New York Classical Review - Wednesday, July 24, 2019 - Written by George Grella

Keyboard rarities highlight Burleson's IKIF program

The theme of pianist Geoffrey Burleson’s Tuesday night recital, as he told the audience, was politics. Rather than escape from the immediate historical moment, Burleson wanted to engage it through music.

But the performance in Lang Recital Hall at Hunter College was part of the ongoing International Keyboard Institute Festival, and so the program was directed less to the conceptual or didactic and more toward the programmatic and, of course, the pianistic.

That meant the unfamiliar, the new, and the surprising. The music came from Liszt, Saint-Saëns (via Massenet and Gounod), Roy Harris, and contemporary composers Mary Kouyoumdjian, David Rakowski, and Marc Mellits.

Of the first three names, only Harris immediately stood out as political, and that less in the sense of a governing system than in the social basis of his aesthetic—he wanted to make classical music that was specifically American and thus could speak, without pandering, to the broad population. Burleson played Harris’ Op. 1 Sonata to open the second half, but first filled the opening portion of the concert with 19th century European music.

That meant Liszt’s Apparition No. 1 and the “Lyon” movement of Album d’un voyageur, and two concert paraphrases by Saint-Saëns using, respectively, “La Mort de Thaïs” from Massenet’s opera and Gallia by Gounod.

After a graceful performance of Liszt’s delicate, mystical Apparition, one heard the composer’s leanings through his pictorial “Lyon.” As Burleson pointed out in his program notes, Liszt was not a political composer, and “Lyon” is fundamentally an emotional reaction to the government’s violent suppression of a strike by Lyonnais textile workers. More passion than politics, it is a mix of sincerity and showmanship, full of fanfares and octave runs but without nuance—this is music that launched a thousand silent film accompaniments. The need to shout at the top of one’s lungs tripped up Burleson at times.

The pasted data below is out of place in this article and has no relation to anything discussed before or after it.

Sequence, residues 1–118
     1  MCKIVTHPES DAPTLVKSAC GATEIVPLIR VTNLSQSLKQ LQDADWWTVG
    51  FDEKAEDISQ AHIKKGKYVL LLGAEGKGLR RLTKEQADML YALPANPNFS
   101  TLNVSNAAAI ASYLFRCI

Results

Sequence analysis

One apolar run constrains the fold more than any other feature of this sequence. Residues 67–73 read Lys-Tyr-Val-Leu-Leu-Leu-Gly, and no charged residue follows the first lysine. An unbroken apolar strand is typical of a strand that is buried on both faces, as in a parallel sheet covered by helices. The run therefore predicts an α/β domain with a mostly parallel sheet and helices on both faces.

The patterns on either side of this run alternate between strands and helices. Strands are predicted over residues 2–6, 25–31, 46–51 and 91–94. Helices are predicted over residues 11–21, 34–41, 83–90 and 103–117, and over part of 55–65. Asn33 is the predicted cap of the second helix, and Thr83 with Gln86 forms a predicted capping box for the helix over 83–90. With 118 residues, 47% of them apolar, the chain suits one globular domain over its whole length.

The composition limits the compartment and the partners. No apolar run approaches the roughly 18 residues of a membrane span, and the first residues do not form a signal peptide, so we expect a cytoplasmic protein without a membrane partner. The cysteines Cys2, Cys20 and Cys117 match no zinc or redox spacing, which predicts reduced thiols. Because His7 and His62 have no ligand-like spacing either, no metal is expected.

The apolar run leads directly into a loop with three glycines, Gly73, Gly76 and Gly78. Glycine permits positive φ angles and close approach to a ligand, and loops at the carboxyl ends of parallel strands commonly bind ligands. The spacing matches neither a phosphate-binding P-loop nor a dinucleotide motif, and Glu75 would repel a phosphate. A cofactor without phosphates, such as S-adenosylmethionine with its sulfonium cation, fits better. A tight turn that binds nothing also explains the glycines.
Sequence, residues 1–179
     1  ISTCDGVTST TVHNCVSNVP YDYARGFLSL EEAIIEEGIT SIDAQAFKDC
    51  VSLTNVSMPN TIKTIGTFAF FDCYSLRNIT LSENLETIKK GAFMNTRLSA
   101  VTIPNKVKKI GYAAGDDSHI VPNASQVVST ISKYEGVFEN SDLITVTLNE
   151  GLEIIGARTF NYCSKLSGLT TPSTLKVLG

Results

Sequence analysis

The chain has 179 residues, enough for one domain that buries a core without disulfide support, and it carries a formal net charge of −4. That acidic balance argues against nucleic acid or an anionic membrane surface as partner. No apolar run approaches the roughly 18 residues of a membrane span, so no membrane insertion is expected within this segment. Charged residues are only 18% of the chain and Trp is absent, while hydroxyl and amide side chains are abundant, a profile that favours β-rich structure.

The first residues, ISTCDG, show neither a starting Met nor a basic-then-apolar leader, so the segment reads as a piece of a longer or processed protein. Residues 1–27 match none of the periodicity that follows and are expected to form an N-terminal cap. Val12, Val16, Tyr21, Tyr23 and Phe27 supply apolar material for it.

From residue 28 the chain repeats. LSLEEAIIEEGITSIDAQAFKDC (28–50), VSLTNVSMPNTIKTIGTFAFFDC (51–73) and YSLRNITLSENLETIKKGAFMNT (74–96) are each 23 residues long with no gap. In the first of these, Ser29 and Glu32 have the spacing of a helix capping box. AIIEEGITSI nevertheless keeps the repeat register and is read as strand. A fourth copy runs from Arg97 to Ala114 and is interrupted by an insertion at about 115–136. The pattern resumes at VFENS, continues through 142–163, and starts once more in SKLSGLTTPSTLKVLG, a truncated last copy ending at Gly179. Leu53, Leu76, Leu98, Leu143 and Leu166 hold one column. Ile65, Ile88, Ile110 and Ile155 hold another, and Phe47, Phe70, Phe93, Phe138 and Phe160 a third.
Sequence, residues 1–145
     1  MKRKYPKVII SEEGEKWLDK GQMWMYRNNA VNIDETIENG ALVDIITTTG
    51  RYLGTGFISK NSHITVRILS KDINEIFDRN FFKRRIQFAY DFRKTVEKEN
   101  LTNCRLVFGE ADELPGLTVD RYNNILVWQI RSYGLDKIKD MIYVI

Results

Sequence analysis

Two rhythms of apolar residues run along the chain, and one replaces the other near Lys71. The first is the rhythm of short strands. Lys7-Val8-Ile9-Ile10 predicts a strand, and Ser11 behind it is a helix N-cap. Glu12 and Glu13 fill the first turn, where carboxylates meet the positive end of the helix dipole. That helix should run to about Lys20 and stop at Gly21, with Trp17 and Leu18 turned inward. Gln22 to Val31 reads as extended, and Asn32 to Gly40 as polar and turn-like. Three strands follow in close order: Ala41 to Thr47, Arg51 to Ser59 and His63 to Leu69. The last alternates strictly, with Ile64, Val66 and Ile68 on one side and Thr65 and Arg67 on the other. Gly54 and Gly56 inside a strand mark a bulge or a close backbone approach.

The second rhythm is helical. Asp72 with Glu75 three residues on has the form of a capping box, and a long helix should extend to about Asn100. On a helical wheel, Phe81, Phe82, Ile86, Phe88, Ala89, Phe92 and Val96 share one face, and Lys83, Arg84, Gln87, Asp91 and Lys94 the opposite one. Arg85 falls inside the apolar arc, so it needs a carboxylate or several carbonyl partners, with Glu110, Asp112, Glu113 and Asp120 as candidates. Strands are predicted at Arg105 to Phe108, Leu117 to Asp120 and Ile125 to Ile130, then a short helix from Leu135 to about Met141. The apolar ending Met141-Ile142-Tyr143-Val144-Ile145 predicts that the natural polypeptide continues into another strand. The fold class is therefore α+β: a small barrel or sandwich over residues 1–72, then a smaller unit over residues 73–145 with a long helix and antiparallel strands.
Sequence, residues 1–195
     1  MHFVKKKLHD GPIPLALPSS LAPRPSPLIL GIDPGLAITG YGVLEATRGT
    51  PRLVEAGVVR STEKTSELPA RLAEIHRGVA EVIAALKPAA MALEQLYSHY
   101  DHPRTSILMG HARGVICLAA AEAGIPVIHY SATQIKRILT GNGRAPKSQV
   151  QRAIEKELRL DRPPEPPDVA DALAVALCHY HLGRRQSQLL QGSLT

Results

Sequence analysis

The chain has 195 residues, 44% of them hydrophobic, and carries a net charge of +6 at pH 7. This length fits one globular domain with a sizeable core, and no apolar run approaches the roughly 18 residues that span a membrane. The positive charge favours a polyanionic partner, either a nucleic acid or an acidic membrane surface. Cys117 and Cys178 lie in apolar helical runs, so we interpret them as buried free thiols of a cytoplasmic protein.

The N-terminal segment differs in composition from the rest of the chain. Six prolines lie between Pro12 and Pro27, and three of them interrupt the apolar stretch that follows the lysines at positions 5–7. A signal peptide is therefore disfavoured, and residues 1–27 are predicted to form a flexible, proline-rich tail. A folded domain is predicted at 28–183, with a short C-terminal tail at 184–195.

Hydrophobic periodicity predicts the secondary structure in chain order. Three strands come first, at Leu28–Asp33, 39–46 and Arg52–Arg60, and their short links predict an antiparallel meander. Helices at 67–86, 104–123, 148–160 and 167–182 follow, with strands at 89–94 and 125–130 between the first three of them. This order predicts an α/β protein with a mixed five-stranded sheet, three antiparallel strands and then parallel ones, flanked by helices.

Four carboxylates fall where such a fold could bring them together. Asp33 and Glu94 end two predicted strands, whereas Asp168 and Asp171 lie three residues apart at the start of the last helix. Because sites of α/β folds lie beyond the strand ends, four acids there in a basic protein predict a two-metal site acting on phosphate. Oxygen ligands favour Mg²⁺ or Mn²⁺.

The shape of the Saint-Saëns set was similar, yet the results more sublime. The mysticism of the Thaïs paraphrase came like vapor out of the famous “Méditation,” leading to Gounod’s reaction to the destruction of the Franco-Prussian War.

The original, haunting choral work was transformed by Saint-Saëns into a somber, focused lamentation. Burleson had the right measure of this, channeling the emotions with a focus that gave them a richness and cutting edge that his Liszt lacked.

Harris’s sonata is both typical and atypical of the composer’s work. There are the rich, shining chords stacked one on another and the near-genteel formal devices. But where Harris’s music is typically organized around extended melodic lines, the sonata is more like a collage. It’s up to the musician to string everything together with phrasing and mood, and Burleson gave the music a powerful sense of modernity, earthy human feelings heard through a prism of disoriented psychology. This underrated work offers an eloquent experience in artistic thinking from between the World Wars.

Kouyoumdjian’s Aghavni (Doves), from 2009, came out of a related historical period, the Armenian genocide. According to Burleson’s program, the piece described the lives of a group of women undergoing that horrific experience. One was reminded of Adorno’s thoughts on poetry after Auschwitz—that standard language is incapable of capturing and expressing the depths of human depravity.

It’s to the composer’s credit that the three-movement work is not only effective but absolutely beautiful.

Played with deep sympathy by Burleson, the music mixes folk-like melodies with modern harmonic structures. This is what Bartók did, but Kouyoumdjian’s voice is all her own, with a surface gentleness that disguises an iron fist of craft and feeling. Her Aghavni impressed the listener more deeply than anything else on the concert.

Rakowski’s Riccio (Prelude #43) and Ain’t Got No Right, For Left-Hand Solo (Etude #67), and Mellits’ Etude No. 2, “Defensive Chili,” were as good-natured as the titles implied, and even more demanding as “Lyon.” Each was a study in pianistic prestidigitation, and Burleson’s strong, precise left-hand in Etude #67 and his coordination of the mind-boggling syncopations of Mellit’s Etude were exciting and great fun.

Best of all was the pianist’s encore, his own Tatum-esque study on Wayne Shorter’s classic jazz composition, “Footprints.” Burleson took the haunting bass line and harmonies and turned them into an unusual fast ballad, and his jazz phrases were just right.

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